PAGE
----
CrisisWatch is our global conflict tracker, a tool designed to help decision-makers prevent deadly violence by keeping them up-to-date with developments in over 70 conflicts and crises, identifying trends and alerting them to risks of escalation and opportunities to advance peace.
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Fourteen conflict situations around the world deteriorated in February 2005, according to the new edition of CrisisWatch,* released today. In Nepal, the situation has turned increasingly grim since King Gyanendra's 1 February coup: violence increased, a state of emergency has been declared, politicians arrested, and total censorship imposed on the media. The possible deployment to Somalia of a peacekeeping force composed of troops from Somalia’s neighbours risked destabilising its fragile transitional government.
Cote d'Ivoire's rebels declared mediation efforts "dead and buried" after a pro-government militia attacked them across the supposedly demilitarised "zone de confiance". And there was heavy fighting in Colombia as FARC insurgents struck several regions of the country simultaneously. Situations in DR Congo, Haiti, Kyrgyzstan, Moldova, North Korea, Northern Ireland, Pakistan, the Philippines, Tajikistan and Thailand also worsened in February.
Seven conflict situations improved in February. In the Middle East, outrage over the assassination of former Prime Minister Rafik Hariri sparked huge protests in Beirut against Syria's military presence and political role in Lebanon, leading the pro-Syrian government to resign; Egypt's president Hosni Mubarak unexpectedly announced a constitutional change to allow for multi-candidate presidential elections; and Saudi Arabia held reasonably successful municipal elections. The situations in Bolivia, Burundi, Kashmir, and across the Taiwan Strait also showed improvement last month.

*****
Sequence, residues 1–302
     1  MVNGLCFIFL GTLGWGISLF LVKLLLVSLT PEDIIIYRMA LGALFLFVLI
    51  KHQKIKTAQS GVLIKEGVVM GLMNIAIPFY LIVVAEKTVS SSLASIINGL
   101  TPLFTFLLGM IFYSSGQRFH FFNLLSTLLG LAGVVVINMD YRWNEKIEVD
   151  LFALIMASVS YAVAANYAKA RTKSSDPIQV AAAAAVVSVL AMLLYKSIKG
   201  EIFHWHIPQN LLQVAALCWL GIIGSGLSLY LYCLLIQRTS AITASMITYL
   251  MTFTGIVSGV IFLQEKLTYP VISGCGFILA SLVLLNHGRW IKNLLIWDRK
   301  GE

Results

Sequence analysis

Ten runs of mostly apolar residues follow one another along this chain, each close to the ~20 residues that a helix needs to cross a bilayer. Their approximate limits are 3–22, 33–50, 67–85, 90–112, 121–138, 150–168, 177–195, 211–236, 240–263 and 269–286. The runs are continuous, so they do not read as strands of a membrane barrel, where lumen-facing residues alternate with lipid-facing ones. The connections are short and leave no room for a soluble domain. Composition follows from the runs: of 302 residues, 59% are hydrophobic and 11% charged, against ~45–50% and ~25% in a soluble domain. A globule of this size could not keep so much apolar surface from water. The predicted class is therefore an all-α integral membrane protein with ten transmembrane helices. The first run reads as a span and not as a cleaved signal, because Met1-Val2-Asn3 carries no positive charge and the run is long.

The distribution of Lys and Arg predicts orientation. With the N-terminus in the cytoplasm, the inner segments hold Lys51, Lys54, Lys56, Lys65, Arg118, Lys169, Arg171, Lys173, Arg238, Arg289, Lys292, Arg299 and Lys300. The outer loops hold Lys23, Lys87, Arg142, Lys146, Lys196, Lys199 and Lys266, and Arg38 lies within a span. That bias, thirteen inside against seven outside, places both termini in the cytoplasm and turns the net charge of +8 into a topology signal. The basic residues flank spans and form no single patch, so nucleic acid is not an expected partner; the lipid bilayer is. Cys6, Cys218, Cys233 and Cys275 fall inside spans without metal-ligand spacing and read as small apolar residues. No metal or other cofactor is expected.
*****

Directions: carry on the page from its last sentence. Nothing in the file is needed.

For March 2005, CrisisWatch identifies Nepal as a Conflict Risk Alert, or a situation at particular risk of new or significantly escalated conflict in the coming month. The only Conflict Resolution Opportunity identified for March is Uganda.
First democratic vote in 12 years - to approve power-sharing constitution - passed off peacefully 28 February. President Domitien Ndayizeye quashed speculation he would attempt last-minute changes to draft constitution, saying would not run in presidential elections. Most parties (but not Tutsi- dominated UPRONA) agreed to accept result of referendum. Three Tutsi-dominated parties, including UPRONA, recommended “no” vote, but “yes” vote appeared on course. Sole remaining rebel group, Forces nationales de libération (FNL), said it would not disrupt vote; peace negotiations believed imminent. FNL rejected possible role for South African Deputy President Zuma - Burundi’s principal peace mediator - preferring UN Special Representative Carolyn McAskie.
Eleven presidential candidates signed electoral code of conduct and accepted Mixed Independent Electoral Commission for March parliamentary and presidential elections, formalising January Libreville agreement.
Embattled PM Faki resigned and several ministers were replaced 4 February amidst civil servant strikes. Chad continued mediation efforts on Darfur with 18 February meeting N’djamena; over 200,000 Sudanese refugees in eastern Chad.